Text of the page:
Optoelectronics of new two-dimensional semiconductors

Johanna Zultak

    Research output: Book/ReportPh.D. thesisResearch

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    The family of two dimensional materials comprises many members that display a variety of physical phenomena. From semimetallic graphene, through semiconducting transition metal dichalcogenides, to insulating hexagonal boron nitride, each material constitutes a novel system that enables exploration of different properties [1] at the two dimensional limit. The research in this field depends, to a large degree, on the advancement of fabrication procedures. Even though the growth of the family of 2D materials is certainly impressive, device fabrication has been limited by disorder from external contamination. A major limitation comes from the fact that many 2D materials are highly reactive with air species, making the thin structures unstable and quickly oxidized in ambient conditions. Therefore, in order to sustain continuous expansion of the 2D world, it is imperative to develop methods of handling sensitive materials in a precisely controlled environment. This dissertation addresses these challenges by undertaking the fabrication of InSe heterostructures, performed in an argon atmosphere, followed by their characterization with optical and electrical experiments.
    Despite the difficulty in producing high quality structures, InSe has proven to be an interesting platform for studying 2D optical and electronic effects. Observation of the quantum Hall effect [2] has demonstrated that InSe layers provide a good quality 2D electron gas, with charge carries characterized by high mobility. Furthermore, the initial inspection of the thickness-dependent photoluminescence (PL) spectra revealed extreme sensitivity of the the optical bandgap on the number of layers. From bulk to the monolayer crystals, the emission signatures shift from near-infrared to the blue region of the visible spectral range [2]. The theoretical calculations of the single-particle band structure support the experimental observations, displaying a significant increase of the fundamental band gap in thinner structures [2]. Additionally, due to peculiar dispersion of the valence band states, the character of the fundamental band gap undergoes a transformation from a nearly direct gap in the bulk form to a quasi-indirect gap in thinner structures. Apart from this basic knowledge, little is known about the optical response of InSe. Here, I improve the understanding of its optical properties by performing detailed spectroscopic studies, including the measurements of temperature dependence of the PL spectra and characterization of the absorption processes by the excitation spectroscopy, performed on structures of different thicknesses. The results of these investigations provide information for the discussion about the alignment of bands, formation of exciton complexes and application of selection rules relevant for the optical transitions in InSe films.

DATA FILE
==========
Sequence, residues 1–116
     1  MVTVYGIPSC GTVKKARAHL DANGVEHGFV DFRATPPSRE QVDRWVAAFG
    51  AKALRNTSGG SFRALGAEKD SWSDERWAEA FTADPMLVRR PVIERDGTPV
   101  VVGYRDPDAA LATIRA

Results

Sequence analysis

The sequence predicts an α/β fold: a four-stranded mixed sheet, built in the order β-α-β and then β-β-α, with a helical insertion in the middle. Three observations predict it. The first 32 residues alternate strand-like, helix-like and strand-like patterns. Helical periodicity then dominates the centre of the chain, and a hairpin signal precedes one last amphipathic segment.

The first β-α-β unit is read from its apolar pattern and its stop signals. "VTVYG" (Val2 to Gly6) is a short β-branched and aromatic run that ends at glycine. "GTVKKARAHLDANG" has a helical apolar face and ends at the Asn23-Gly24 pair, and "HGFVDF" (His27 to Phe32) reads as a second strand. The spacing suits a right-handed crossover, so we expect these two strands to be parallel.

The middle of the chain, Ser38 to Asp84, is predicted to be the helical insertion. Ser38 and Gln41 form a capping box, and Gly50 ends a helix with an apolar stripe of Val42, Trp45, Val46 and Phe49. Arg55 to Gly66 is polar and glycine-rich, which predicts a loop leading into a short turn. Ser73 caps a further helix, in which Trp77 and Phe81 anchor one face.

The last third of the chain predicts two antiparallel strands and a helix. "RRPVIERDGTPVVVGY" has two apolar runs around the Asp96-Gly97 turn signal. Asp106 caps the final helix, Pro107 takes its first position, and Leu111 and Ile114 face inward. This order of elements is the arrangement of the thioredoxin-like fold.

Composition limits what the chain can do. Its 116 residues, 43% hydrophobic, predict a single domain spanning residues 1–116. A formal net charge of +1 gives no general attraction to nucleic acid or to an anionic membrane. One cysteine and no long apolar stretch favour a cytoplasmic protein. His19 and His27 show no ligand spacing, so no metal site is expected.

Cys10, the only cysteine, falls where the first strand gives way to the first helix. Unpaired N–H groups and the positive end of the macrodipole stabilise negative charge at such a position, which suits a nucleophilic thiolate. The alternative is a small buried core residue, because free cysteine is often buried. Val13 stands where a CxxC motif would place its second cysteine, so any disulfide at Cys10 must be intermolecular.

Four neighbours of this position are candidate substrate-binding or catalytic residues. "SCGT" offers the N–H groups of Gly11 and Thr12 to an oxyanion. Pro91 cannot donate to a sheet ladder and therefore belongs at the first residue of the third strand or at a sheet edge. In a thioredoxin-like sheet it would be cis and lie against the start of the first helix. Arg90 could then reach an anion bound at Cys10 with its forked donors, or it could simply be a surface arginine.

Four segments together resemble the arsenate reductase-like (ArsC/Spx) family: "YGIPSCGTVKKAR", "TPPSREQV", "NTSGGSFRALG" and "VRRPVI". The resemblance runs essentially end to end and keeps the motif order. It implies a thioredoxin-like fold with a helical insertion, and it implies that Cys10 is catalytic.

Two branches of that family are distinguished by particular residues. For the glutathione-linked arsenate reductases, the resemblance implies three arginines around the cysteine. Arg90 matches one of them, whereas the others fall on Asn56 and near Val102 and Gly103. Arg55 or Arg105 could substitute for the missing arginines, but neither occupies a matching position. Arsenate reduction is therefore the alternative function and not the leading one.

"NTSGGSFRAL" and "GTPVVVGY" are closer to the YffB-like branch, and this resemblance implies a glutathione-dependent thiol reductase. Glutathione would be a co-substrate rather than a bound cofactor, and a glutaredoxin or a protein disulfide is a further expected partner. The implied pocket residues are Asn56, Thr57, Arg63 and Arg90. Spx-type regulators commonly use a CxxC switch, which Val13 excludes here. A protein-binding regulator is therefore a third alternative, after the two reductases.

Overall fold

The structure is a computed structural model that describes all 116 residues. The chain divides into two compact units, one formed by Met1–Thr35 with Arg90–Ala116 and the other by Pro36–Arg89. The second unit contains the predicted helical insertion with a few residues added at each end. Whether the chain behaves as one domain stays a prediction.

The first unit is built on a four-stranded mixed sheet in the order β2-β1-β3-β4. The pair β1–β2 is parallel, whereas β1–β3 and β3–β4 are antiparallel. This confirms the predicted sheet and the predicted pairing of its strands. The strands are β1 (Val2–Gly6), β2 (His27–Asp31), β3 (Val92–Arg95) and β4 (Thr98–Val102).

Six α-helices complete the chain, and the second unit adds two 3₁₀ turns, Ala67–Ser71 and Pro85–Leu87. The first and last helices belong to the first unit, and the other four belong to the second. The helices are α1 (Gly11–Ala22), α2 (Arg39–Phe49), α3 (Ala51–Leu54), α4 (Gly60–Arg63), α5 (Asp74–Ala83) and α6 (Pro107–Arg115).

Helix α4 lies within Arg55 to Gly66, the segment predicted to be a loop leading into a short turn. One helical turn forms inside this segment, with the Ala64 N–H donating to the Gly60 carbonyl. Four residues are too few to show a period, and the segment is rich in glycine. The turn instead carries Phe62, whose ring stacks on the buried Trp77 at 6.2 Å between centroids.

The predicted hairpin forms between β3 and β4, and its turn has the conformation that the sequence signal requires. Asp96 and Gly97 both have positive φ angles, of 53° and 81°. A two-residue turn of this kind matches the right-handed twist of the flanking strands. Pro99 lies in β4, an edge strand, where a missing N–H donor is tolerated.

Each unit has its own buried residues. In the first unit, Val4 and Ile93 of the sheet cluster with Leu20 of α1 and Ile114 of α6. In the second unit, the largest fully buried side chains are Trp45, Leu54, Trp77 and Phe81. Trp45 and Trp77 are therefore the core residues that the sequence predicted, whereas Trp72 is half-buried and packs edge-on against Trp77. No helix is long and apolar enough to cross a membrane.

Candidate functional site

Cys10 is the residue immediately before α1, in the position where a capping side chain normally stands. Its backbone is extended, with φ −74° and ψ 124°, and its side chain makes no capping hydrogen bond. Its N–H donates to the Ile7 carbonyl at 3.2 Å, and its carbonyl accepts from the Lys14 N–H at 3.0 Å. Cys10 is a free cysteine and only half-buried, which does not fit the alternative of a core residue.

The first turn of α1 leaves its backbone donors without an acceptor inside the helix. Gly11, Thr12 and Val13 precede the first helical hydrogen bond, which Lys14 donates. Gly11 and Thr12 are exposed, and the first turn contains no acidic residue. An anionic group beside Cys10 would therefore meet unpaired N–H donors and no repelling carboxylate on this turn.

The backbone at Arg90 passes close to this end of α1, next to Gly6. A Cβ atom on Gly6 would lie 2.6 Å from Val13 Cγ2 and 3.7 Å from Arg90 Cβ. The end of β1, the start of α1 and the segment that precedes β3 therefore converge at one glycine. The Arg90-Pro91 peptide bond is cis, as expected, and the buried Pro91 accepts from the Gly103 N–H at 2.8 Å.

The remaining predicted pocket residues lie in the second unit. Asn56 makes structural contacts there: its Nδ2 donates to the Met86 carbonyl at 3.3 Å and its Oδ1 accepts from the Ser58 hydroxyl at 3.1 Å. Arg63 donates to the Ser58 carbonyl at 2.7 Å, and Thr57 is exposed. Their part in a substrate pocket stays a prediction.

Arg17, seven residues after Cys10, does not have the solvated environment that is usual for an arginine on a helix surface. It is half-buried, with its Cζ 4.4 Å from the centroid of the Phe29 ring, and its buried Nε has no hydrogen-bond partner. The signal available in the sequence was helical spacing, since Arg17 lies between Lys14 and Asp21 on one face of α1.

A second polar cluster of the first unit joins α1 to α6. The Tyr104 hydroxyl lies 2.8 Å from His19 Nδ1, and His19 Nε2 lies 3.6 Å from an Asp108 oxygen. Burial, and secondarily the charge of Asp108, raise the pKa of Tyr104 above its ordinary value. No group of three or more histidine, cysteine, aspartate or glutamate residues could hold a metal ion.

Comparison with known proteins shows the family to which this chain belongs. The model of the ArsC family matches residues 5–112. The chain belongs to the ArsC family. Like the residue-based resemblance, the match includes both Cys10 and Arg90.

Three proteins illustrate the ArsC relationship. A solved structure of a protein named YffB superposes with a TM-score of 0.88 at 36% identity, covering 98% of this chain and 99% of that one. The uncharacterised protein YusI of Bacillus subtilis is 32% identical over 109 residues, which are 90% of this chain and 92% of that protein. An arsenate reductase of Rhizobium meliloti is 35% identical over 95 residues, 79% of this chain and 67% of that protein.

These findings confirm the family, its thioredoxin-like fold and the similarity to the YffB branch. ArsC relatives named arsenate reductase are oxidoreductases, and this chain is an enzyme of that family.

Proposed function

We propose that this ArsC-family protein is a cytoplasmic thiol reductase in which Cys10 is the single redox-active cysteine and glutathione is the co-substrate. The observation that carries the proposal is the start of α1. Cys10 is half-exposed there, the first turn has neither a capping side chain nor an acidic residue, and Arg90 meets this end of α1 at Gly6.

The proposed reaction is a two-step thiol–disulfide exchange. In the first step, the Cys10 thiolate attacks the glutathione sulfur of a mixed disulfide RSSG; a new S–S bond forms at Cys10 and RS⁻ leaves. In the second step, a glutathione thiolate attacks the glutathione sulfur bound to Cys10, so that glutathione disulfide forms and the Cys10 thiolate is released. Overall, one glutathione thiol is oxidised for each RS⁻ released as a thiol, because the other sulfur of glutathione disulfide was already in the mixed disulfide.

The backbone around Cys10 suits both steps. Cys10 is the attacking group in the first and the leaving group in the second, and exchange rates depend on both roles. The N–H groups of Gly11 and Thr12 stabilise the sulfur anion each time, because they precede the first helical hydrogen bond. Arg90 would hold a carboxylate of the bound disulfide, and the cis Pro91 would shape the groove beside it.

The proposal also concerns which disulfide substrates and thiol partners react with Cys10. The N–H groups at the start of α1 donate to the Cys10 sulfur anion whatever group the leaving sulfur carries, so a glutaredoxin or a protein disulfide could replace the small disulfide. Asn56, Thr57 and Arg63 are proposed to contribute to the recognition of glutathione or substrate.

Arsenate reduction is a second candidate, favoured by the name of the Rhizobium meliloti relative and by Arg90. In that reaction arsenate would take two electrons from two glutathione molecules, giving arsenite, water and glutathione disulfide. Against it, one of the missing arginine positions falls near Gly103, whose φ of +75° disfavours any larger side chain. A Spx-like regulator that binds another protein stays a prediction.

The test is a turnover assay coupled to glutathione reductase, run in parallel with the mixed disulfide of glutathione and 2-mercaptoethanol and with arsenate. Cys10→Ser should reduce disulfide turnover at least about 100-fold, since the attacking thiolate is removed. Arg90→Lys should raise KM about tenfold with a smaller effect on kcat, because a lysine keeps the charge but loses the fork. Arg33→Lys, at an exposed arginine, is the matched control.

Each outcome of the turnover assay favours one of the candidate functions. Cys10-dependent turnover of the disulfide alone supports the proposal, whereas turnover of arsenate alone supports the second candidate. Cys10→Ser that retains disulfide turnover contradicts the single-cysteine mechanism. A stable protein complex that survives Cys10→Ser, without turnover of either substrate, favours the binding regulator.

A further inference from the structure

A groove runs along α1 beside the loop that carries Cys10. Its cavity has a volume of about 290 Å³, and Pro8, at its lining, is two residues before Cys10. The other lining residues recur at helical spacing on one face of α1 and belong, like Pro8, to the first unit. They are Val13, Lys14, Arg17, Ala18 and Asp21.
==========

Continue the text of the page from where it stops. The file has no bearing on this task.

Secondly, by taking advantage of the combined experience arising from optical and electrical measurements, I have fabricated and characterized light emitting diodes based on InSe. The possibility of electrical pumping of optical transitions offers further insight into the excitation mechanisms and impact of electric field on the electronic states. Additionally, the realization of multicolored, electrically operated light sources, built up from 2D materials, offers a path for practical applications of InSe-based van der Waals heterostructures.
    Characterizing 2D materials before device fabrication has been a major interest in improving production quality. Indeed, the properties of a crystal largely depend on the environment dielectric function, the doping level, the local strain, and charge density. As a non-contact, non-destructive method to estimate the conductivity of materials, terahertz time domain spectroscopy has become an invaluable tool for the assessment of the quality of large graphene. Combining this method with near field spectroscopy capabilities allows access to electronic properties of 2D materials at the sub-micrometer scale, paving the way to a deeper understanding of high quality exfoliated crystals.
    Original languageEnglish
    PublisherDTU Nanotech
    Publication statusPublished - 2018


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